Hepatitis E represents a major health challenge worldwide and is still difficult to control. For example, prevention in disinfection is reaching its limits and vaccination is currently only available in China.
Primary infection prevention also includes several approaches to hepatitis E. The most convenient way of virus control, namely a protective vaccination, currently exists only in China. The second pillar of prevention is hand hygiene, consisting of hand washing and the use of disposable gloves when preparing food, such as in the catering industries, canteen kitchens, or in the medical sector.
The hepatitis E virus (HEV) is very often transmitted via shellfish and raw or undercooked meat. Cooking the animals leads to heat inactivation of the virus particles. At present, however, the risk of infection from humans to humans is not well understood.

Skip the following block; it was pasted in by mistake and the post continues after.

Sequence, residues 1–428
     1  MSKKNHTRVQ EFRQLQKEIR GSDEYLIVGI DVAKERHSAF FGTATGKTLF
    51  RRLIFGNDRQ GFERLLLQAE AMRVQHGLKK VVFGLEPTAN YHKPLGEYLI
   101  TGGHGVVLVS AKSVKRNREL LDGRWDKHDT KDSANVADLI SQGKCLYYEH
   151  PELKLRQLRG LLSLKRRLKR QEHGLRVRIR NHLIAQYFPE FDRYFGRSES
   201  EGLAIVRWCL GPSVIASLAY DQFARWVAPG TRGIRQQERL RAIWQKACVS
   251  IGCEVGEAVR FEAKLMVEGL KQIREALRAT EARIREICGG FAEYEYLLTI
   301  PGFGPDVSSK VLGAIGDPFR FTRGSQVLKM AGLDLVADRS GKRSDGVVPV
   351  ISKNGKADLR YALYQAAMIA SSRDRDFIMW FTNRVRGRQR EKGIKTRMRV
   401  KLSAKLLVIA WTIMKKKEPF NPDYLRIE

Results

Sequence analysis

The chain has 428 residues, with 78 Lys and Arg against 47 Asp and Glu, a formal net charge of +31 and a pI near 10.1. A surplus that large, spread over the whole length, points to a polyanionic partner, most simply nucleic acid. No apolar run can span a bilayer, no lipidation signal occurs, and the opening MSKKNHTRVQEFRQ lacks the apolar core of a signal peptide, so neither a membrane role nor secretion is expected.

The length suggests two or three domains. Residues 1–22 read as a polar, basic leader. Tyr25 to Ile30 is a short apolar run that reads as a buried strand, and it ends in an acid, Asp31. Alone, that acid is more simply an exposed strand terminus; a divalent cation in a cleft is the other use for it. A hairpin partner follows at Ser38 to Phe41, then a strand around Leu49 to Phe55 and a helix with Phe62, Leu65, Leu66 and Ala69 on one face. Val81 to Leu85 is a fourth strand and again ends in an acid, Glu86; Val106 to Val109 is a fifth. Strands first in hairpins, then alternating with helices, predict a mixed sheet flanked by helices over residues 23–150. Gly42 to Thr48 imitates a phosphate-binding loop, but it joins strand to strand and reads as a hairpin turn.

A particular problem in preventing HEV infections is that the virus is resistant to the majority of alcohols used in commercially-available hand disinfectants. 1-propanol, 2-propanol, or ethanol alone can kill the hepatitis-E virus. Studies have shown that alcohol resistance applies equally to extracellular and intracellular virus particles.
One recent study looked at the extent to which ready-to-use hand disinfectants from specialist retailers can inactivate HEV. The result was predictable: only one agent reduced the number of particles long enough to achieve adequate hand disinfection.
Ethanol at 99% failed as well as 2-propanol or 2-propanol (45 g) + 1-propanol (30 g) + Mecetronium Ethyl Sulphate (0.2 g). Only the combination of 1-propanol (10 g) + ethanol (57.6 g) (96%) was virucidal against HEV.
Steinmann E. "Prevention and treatment of HEV infection"; In: Interactive Session "HEV - From virology to treatment", ILC 2020 (digital)